Mind is a distinctive adventure in that whilst it immediately followed Terror Of The Autons, it was strongly implied that the Doctor, Jo, and UNIT all kept very busy, looking to consolidate their role as a professional group of defence - both for their native country, and the wider world in general. The Master also has kept himself occupied, and (for once) chooses to use a pseudonym in ‘Emile Keller' which gives no hint at his true nature.

The original TV story was for many years notorious for having a paucity of actual colour material, and yet by being in black-and-white it actually took on a more adult and 'horror-surreal' tone, than Don Houghton or Timothy Combe ever intended. Eventually it became 're-colourised' for DVD release, and works well enough in the format it was intended to be shown. Some Doctor Who stories have only mildly above-average scripts, but become strong or even outstanding due to first-rate work by their director. I would certainly place the opening and closing stories from Season Thirteen in that bracket. With Mind, there was a potential story idea to rival the first effort from Houghton, but the tale as transmitted did have some consistency and logic issues. It mattered little, as virtually the whole cast and the production values are as robust as any from the Jon Pertwee Years.

This adaptation comes courtesy of Terrance Dicks; which was the case for so many TARGET books at the time. The first half of the book seems to signify greater effort from the story's original script-editor, in terms of expanding on the characters and explaining the overall set-up of the story. Thereafter, nothing vital is lost, but opportunities to get into the inner thoughts of the principle characters, as well as to really explore the threat to Earth in terms of the missile and the shaky political situation are not really seized upon. However, choosing to keep the titular monster/machine as mysterious as possible is a good move, as much of its creepiness lies in the lack of clarity behind how it is alive, and how it is able to kill with greater ease as the narrative progresses.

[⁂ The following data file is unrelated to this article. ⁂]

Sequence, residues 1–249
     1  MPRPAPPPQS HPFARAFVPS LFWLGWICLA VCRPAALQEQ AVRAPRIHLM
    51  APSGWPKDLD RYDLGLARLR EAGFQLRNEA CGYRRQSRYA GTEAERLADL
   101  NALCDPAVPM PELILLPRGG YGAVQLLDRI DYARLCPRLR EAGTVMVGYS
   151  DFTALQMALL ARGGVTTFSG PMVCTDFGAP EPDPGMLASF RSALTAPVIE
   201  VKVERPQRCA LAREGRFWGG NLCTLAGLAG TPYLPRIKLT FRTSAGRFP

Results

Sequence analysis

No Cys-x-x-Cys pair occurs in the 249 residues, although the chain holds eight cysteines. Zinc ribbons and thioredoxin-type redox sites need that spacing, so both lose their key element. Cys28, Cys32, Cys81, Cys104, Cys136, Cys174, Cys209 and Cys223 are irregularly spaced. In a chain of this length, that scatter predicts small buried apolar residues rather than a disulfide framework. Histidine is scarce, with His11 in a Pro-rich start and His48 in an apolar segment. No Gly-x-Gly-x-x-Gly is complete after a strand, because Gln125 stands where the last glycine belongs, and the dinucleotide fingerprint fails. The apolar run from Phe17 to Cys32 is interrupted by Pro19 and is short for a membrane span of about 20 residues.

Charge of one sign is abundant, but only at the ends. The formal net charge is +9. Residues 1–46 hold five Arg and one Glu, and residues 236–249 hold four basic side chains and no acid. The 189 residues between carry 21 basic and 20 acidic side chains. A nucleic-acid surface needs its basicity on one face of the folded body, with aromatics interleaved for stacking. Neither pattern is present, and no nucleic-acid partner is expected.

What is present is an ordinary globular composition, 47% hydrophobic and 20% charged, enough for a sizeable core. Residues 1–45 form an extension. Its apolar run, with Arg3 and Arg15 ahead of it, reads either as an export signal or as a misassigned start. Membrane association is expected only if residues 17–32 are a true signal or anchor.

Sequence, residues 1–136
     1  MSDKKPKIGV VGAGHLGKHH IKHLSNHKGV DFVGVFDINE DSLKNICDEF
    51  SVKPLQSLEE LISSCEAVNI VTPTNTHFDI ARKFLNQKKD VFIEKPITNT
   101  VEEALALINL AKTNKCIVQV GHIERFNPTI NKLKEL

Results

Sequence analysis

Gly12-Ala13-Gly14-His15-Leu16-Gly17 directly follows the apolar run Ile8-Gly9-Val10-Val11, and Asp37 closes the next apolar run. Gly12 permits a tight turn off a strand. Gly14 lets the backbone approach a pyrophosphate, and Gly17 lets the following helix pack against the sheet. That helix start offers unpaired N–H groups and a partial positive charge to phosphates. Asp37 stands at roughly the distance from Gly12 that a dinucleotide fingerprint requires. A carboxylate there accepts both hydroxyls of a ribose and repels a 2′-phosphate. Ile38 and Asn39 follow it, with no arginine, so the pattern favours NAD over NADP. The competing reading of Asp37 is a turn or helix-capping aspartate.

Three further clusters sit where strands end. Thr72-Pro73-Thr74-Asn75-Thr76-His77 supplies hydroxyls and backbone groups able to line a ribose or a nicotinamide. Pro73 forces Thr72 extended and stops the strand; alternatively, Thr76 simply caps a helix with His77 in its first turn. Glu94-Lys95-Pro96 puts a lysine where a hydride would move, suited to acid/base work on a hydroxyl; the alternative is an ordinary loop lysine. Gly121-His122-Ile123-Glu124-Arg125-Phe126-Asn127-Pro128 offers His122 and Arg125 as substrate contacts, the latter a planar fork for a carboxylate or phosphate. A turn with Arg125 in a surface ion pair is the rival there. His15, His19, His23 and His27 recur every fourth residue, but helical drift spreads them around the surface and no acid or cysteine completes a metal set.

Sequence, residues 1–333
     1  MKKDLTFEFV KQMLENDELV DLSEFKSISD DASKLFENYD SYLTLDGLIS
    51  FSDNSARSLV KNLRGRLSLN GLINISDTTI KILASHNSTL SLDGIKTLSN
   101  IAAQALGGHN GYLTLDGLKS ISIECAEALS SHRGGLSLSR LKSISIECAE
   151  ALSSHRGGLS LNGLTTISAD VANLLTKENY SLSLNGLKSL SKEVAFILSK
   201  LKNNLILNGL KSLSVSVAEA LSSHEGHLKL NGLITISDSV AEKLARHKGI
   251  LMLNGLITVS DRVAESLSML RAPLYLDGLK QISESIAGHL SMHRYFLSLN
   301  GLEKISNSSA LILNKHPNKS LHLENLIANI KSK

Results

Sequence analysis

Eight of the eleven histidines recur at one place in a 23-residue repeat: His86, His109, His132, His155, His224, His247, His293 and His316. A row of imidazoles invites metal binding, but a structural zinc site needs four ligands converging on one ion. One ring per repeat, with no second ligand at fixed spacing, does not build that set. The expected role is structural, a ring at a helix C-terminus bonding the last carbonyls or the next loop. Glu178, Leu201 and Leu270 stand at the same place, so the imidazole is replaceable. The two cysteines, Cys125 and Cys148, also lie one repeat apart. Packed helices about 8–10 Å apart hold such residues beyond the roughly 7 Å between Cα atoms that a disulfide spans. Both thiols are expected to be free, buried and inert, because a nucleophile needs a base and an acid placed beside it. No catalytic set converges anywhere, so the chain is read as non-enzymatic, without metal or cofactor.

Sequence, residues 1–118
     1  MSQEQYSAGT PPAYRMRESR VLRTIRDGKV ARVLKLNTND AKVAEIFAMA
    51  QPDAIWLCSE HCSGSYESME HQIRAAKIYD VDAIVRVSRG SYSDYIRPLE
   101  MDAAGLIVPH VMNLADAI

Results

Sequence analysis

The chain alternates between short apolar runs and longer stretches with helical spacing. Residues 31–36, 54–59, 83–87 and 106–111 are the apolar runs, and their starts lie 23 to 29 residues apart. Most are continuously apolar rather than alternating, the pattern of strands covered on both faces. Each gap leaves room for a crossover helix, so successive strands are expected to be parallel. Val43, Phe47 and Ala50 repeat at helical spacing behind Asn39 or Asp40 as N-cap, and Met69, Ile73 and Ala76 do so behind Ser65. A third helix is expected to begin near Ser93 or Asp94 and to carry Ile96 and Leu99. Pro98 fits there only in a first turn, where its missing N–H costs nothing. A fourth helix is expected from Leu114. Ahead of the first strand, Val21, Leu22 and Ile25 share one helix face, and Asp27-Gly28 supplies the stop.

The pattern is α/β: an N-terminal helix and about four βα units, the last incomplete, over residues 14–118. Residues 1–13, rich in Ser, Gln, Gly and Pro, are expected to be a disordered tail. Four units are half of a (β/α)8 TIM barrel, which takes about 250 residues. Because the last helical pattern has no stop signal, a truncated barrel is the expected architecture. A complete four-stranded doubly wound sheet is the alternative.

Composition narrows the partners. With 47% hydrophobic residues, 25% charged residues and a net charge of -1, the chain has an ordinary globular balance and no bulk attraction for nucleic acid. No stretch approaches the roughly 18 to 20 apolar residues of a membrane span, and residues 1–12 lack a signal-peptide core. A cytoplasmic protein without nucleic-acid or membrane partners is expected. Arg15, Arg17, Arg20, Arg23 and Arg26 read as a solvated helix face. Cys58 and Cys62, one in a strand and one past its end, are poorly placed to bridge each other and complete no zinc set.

Jo Grant in her second story would rarely have such strong material again - only The Curse of Peladon, and most of her final season would again see such heights of maturity, quick thinking and sheer likeability. Whilst Katy Manning never turned in a half-hearted televisual interpretation, she was forced to often portray a semi-helpless damsel, needing aid from the Doctor or one of the supporting characters.

The Doctor’s ‘Moriarty’ is rarely better than here, being both ruthless and generally very sure of himself, with only the autonomous Keller Machine getting him truly flustered. At one point, he is totally convincing when he threatens the Doctor - "You'll do nothing, or I'll put a bullet through both your hearts." Surely this is one of the few ways that a regeneration can be cut off and thus lead to a Time Lord's premature demise. (Turn Left gave us another example). And during the finale, the brutal manner in which the Master escapes a trap laid by the Doctor - partly due to the after-effects of his machine being tested on the hardened criminal Barnham - is a notable moment where a fictional character created for escapism, feels chillingly credible as a threat.

The biggest problem I have with the story - apart from how the Kellar Machine actually helps with the ‘World War Three plan - is the portrayal of the Chinese. The Talons of Weng Chiang has come under fire in the years following its transmission, but this story does itself even less favours. The sheer number of repeated references to a "Chinese Girl" (which is already suspect,given that she is an adult woman) are carried over into this novelisation. There is also some broadly played humour over the Doctor being able to speak to Fu Peng, but the Brigadier completely struggles to understand a single word. Also, the Doctor's somewhat boasting references to meeting Chairman Mao seem to be a somewhat questionable choice of political commentary by Barry Letts and Dicks, and have only become further awkward over the ensuing years. Finally, the TV cliffhanger for Episode Two was risible in the extreme. I could never credit a world-weary diplomat having any kind of phobia of a ceremonial symbol like a 'Chinese Dragon'. That Dicks tries to explain this away as a strong distrust of the Chinese in general perhaps was acceptable when the book was published, but is glaringly dated now. And for good measure, it really makes no sense that the others who intervene on Chin Lee (channelling the Kellar Machine) in this assassination attempt would see the same thing.